# Goldbach conjecture

The Goldbach conjecture is one of the oldest and easiest-to-understand hypotheses in mathematics that
remains unproven. In its original form, now known as the **weak Goldbach
conjecture**, it was put forward by the Prussian amateur mathematician
and historian Christian Goldbach (1690–1764) in a letter dated June 7, 1742,
to Leonhard Euler. In this guise it says that
every whole number greater than 5 is the sum of three prime
numbers. Euler restated this, in an equivalent form, as what is now
called the **strong Goldbach conjecture** or, simply, the Goldbach
conjecture: every even number greater than 2 is the sum of two primes. Thus,
4 = 2 + 2, 6 = 3 + 3, 8 = 3 + 5, 10 = 3 + 7, ..., 100 = 53 + 47, ...

In fact René Descartes knew about
the two-prime version of Goldbach's conjecture before either Goldbach or
Euler did. So, is it misnamed? Paul Erdös said, "It is better that the conjecture be named after Goldbach because,
mathematically speaking, Descartes was infinitely rich and Goldbach was
very poor." In any event, there is a much more important question, namely,
is the conjecture true? The general assumption is that it is, but no one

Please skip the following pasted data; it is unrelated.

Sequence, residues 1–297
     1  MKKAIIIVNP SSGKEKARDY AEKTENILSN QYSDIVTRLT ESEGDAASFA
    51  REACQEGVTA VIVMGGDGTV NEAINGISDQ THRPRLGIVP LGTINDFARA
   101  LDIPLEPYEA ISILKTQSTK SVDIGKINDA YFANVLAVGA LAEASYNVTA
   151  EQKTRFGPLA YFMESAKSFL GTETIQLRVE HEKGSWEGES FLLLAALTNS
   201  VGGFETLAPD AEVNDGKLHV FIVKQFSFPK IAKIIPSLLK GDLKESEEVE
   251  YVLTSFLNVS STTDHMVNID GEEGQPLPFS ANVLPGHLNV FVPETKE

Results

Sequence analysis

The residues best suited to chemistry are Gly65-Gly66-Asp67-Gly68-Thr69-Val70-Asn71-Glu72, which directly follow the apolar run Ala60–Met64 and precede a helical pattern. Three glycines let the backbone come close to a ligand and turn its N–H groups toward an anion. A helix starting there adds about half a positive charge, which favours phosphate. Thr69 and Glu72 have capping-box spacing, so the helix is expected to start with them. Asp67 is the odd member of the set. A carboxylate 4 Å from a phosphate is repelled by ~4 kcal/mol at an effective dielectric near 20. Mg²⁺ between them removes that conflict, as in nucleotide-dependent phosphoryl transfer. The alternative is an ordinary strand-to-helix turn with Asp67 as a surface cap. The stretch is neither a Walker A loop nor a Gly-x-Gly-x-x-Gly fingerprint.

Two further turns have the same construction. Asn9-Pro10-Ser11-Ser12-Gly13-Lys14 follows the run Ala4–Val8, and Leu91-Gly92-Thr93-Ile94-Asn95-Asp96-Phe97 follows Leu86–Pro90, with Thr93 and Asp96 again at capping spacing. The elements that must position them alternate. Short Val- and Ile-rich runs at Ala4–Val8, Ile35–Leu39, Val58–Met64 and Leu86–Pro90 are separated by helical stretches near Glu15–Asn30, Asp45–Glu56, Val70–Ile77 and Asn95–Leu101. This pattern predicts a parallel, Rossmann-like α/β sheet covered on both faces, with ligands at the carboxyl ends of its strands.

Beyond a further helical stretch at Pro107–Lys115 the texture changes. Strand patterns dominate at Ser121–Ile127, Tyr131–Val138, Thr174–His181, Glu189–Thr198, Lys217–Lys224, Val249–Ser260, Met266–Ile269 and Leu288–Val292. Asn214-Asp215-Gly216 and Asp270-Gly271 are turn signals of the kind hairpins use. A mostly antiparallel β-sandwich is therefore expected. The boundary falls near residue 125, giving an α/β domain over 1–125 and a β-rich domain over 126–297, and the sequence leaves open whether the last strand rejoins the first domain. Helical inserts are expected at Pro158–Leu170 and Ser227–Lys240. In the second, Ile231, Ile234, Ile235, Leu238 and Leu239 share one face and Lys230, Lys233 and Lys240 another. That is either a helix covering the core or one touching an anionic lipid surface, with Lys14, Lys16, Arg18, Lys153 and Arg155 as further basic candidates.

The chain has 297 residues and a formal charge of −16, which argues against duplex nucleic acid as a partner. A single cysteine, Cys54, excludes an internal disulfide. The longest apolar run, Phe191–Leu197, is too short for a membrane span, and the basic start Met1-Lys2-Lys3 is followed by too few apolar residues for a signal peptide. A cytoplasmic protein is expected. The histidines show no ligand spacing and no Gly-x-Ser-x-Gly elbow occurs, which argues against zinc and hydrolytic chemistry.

knows for sure. The most significant step toward a proof came in 1966 when
the Chinese mathematician Chen Jing-Run showed that every sufficiently large
even integer is the sum of a prime and a number that has at most two prime
factors. Using powerful computers, the Goldbach conjecture has been checked
out to about 400 trillion. But there is no great optimism among mathematicians
that a final breakthrough is on the horizon. Even a reward of $1 million
dollars for a proof offered by the publishing house Faber & Faber in 2000,
to help publicize the novel *Uncle Petros and Goldbach's Conjecture* by the Greek mathematician and author Apostolos Doxiadis, went unclaimed.^{1}

## Reference

1. Doxiadis, Apostolos K. *Uncle Petros and Goldbach's Conjecture*.
New York: Bloomsbury, 2000.